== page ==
At least two U.S. Marine Corps bases on Okinawa are reporting clusters of COVID-19 infections, leading Marine leaders to reinstitute stringent protective measures on the Japanese island, home to numerous U.S. military installations.
“After months with no confirmed COVID-19 infections on Okinawa, this week the Marine Corps experienced two localized clusters of individuals who tested positive for the virus,” Okinawa-based Marine Corps Installations Pacific (MCIPAC) announced.
The installations where personnel tested positive were identified as Camp Hansen and Marine Corps Air Station Futenma, both on the southern part of the island. All personnel who tested positive for the novel coronavirus are in isolation, the announcement stated.
In keeping with Defense Department policy, the Marine Corps did not disclose how many Marines and Sailors were infected, but media outlets, quoting local officials, placed the number in the 90s.
On July 10, Marine Forces Japan — also known as III Marine Expeditionary Force (MEF) — reintroduced Health Protection Condition “Charlie” to limit the spread of the virus by further restricting off-base activities, including prohibiting personnel from using non-military public transportation, eating in off-base restaurants and going off base for nonessential services.
In response to the increased health protection directive, the next day MCIPAC ordered an enhanced lockdown at all Marine installations across Okinawa. This included closing all nonessential facilities. Dining will be take-out only at mess halls, exchanges, commissaries, base restaurants and food courts. Personnel will have to get permission from a Marine colonel or a Navy commander for off-base activities. The new restrictions apply to all uniformed and civilian III MEF and MCIPAC personnel.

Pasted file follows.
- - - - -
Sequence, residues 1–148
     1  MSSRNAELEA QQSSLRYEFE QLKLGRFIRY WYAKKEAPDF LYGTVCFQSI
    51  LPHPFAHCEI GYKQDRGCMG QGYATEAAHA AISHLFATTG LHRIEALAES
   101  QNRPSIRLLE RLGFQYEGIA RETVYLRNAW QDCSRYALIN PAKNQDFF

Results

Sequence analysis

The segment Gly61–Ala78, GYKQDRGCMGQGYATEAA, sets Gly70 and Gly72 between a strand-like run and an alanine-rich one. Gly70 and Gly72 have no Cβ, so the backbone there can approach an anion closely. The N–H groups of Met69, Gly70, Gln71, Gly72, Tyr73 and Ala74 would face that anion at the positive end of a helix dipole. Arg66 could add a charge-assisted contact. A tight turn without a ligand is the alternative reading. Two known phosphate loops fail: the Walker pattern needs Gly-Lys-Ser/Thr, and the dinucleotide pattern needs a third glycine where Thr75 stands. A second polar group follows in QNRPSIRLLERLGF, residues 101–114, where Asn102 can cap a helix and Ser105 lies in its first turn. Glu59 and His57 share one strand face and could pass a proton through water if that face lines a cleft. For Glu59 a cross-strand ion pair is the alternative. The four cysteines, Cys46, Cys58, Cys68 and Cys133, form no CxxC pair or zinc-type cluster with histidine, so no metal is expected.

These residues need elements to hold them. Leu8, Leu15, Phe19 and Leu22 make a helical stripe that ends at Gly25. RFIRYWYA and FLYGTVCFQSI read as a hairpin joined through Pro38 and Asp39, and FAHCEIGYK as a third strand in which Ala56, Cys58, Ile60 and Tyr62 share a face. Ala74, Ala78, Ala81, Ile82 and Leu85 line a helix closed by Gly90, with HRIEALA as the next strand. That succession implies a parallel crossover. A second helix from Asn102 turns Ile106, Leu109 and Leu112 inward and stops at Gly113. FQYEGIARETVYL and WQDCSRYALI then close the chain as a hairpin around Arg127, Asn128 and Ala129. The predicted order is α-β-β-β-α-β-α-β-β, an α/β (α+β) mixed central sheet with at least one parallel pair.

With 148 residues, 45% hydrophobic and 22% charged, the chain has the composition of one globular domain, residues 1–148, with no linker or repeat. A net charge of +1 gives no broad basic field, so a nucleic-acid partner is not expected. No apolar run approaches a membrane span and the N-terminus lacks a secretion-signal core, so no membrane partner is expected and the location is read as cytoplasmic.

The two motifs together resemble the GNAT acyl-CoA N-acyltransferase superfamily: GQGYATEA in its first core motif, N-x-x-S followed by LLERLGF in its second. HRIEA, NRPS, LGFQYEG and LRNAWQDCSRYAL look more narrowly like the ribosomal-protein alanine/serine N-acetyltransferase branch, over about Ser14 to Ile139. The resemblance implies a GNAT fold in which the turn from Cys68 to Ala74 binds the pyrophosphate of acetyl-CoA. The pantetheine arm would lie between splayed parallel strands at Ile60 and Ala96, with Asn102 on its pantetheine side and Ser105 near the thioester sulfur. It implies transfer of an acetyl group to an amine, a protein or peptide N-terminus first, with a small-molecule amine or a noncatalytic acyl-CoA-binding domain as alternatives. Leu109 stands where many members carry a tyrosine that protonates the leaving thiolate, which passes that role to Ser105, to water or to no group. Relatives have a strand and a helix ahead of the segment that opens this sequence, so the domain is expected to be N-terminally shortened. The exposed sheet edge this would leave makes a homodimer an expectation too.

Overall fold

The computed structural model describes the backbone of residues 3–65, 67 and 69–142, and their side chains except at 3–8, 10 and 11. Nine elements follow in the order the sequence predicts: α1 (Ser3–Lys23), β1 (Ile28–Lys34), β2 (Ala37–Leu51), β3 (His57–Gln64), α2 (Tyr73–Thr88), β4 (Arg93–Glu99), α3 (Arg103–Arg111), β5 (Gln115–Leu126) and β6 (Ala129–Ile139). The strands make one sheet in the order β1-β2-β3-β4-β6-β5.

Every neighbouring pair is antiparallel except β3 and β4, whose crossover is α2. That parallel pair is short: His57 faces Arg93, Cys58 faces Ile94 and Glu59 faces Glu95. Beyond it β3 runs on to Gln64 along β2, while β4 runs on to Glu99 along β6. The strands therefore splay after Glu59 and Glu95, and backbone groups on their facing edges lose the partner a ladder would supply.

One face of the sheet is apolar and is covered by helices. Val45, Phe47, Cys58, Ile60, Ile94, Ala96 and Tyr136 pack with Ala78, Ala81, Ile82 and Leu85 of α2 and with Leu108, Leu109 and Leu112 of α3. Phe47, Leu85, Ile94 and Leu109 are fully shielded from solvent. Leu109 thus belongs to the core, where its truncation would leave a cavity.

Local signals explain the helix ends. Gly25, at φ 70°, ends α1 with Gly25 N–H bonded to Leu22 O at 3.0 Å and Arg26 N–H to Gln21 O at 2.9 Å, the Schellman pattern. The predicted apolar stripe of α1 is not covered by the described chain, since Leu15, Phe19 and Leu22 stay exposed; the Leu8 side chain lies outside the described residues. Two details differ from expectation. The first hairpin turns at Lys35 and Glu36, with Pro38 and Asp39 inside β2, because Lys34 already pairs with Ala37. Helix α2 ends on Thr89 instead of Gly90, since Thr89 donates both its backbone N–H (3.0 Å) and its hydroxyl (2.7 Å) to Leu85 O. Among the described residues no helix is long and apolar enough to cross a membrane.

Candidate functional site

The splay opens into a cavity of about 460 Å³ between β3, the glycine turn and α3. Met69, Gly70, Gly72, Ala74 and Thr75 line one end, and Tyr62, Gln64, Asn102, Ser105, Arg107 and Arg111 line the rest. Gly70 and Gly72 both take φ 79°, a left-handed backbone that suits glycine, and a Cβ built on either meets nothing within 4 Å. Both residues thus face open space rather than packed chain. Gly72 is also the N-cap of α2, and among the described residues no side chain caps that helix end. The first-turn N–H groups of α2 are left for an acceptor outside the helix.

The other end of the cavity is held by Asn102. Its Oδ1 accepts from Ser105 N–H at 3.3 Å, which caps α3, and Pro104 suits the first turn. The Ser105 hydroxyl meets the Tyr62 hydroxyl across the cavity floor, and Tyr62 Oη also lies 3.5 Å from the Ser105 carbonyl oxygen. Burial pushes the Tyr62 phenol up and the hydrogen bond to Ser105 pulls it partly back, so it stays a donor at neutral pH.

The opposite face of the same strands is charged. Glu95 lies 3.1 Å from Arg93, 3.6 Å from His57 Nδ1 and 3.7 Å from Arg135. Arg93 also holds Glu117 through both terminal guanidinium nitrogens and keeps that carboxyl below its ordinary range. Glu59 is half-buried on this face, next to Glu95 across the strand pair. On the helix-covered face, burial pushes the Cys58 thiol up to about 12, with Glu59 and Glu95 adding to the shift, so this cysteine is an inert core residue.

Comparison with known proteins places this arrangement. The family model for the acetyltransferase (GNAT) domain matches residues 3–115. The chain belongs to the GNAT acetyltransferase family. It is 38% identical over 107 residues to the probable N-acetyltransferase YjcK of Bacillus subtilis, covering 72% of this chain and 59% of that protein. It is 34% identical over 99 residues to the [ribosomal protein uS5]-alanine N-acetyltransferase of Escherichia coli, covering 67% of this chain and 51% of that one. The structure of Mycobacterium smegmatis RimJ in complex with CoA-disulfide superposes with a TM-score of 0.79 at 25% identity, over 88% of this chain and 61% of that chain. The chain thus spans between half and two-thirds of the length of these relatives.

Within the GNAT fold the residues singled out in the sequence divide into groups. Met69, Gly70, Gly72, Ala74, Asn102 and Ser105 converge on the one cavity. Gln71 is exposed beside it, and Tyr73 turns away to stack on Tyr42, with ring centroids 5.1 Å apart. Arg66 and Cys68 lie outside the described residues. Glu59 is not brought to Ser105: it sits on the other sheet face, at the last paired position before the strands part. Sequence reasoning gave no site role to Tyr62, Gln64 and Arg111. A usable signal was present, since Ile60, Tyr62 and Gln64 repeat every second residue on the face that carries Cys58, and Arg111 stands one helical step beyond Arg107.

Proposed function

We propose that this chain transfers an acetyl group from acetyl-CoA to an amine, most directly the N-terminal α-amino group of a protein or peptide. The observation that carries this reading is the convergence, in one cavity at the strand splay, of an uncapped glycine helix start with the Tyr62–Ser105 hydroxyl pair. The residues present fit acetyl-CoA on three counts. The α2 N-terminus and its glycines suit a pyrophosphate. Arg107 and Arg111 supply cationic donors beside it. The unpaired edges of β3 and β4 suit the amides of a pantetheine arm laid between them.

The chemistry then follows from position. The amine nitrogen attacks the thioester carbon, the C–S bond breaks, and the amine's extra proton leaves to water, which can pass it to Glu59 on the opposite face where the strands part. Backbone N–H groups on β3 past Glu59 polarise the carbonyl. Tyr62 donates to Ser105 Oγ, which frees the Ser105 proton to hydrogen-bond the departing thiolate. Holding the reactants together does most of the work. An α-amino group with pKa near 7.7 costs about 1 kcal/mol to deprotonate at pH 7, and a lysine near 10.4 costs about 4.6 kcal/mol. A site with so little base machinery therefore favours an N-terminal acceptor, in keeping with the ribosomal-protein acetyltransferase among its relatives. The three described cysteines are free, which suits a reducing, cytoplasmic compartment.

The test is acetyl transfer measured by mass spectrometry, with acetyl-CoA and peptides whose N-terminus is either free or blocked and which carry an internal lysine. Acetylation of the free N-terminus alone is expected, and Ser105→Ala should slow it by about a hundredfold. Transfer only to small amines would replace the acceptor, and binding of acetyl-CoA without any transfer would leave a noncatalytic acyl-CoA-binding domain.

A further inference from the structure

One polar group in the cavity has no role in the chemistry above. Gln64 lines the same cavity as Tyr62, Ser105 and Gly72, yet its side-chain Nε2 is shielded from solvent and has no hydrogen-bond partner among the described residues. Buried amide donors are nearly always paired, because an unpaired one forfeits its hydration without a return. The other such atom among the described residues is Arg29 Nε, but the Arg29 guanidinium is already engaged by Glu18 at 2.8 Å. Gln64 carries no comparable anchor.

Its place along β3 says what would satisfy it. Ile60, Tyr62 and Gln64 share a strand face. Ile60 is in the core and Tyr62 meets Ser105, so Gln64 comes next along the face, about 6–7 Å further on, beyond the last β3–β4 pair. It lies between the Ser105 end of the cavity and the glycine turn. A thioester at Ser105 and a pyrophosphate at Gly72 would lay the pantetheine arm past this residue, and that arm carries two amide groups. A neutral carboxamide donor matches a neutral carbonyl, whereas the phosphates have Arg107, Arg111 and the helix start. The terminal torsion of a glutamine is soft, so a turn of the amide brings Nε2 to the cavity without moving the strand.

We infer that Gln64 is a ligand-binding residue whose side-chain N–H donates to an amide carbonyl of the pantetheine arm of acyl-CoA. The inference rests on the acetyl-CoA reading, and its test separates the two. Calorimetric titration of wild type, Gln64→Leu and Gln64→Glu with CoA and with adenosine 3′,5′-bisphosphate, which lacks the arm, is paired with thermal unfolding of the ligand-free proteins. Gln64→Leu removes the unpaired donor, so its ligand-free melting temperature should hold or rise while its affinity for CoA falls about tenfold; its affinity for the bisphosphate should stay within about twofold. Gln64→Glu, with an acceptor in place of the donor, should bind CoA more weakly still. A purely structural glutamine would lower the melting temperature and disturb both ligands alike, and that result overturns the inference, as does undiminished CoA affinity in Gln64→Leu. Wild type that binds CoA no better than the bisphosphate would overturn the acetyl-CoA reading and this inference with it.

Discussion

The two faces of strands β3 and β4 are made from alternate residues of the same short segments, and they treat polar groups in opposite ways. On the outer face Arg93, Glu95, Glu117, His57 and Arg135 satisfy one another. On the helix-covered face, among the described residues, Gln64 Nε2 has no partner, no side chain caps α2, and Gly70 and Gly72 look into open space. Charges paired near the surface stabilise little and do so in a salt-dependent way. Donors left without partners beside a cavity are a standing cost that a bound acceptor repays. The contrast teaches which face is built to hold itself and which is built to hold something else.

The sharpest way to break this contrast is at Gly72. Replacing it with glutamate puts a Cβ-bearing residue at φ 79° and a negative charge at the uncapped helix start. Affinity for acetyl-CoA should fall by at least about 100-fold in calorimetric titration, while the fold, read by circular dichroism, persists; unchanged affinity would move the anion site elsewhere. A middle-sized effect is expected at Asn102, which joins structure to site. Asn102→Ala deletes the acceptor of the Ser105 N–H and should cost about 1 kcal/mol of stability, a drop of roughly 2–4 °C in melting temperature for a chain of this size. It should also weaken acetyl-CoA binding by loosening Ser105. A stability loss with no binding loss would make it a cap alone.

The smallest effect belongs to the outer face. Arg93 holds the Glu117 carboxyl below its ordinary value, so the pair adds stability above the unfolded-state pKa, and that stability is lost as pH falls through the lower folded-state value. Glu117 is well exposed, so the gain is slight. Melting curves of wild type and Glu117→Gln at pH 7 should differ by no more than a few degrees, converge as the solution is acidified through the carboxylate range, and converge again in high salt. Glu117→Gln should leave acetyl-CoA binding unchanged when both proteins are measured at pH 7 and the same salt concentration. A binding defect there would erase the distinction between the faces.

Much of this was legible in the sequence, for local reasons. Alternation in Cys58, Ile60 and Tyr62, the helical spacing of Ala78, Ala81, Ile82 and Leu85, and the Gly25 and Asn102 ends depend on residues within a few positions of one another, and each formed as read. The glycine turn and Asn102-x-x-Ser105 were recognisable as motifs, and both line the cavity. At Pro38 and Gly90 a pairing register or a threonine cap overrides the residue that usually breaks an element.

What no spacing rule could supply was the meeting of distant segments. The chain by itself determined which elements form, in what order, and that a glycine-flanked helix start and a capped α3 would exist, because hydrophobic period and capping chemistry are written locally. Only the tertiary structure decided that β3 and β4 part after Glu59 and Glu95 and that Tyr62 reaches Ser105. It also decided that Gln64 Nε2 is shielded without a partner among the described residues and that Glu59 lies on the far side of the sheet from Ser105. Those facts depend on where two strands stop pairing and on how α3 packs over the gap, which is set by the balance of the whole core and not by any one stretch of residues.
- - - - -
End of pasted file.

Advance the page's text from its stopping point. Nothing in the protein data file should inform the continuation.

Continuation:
U.S. Air Force Brigadier Gen. Joel Carey, commander of the 18th Air Wing at Kadena Air Base, ordered the base to transition from Health Protection Condition Bravo back to the more rigorous Charlie, effective immediately. The U.S. COVID-19 cases have primarily been Marines assigned to MCAS Futenma and Camp Hansen, Carey said.
“Patients have been a mix of both travel-related and those with origins we’ve yet to be able to identify, indicating the potential of a re-emergence of community spread,” he said. COVID-19 may already be spreading. “We have confirmed the presence of COVID-19 aboard the air station,” Col. Lance Lewis, commander of Marine Corps Air Station Iwakuni, Japan, announced July 12 on the facility’s Facebook page. He added there was no risk to the base.
“COVID was brought here from overseas travelers. As we planned, the positive travelers were contained within their quarters, and our social distancing and strict adherence to [restriction on movement] worked.” The air base is still operating under HPCON Bravo and all liberty policies remain the same, Lewis said.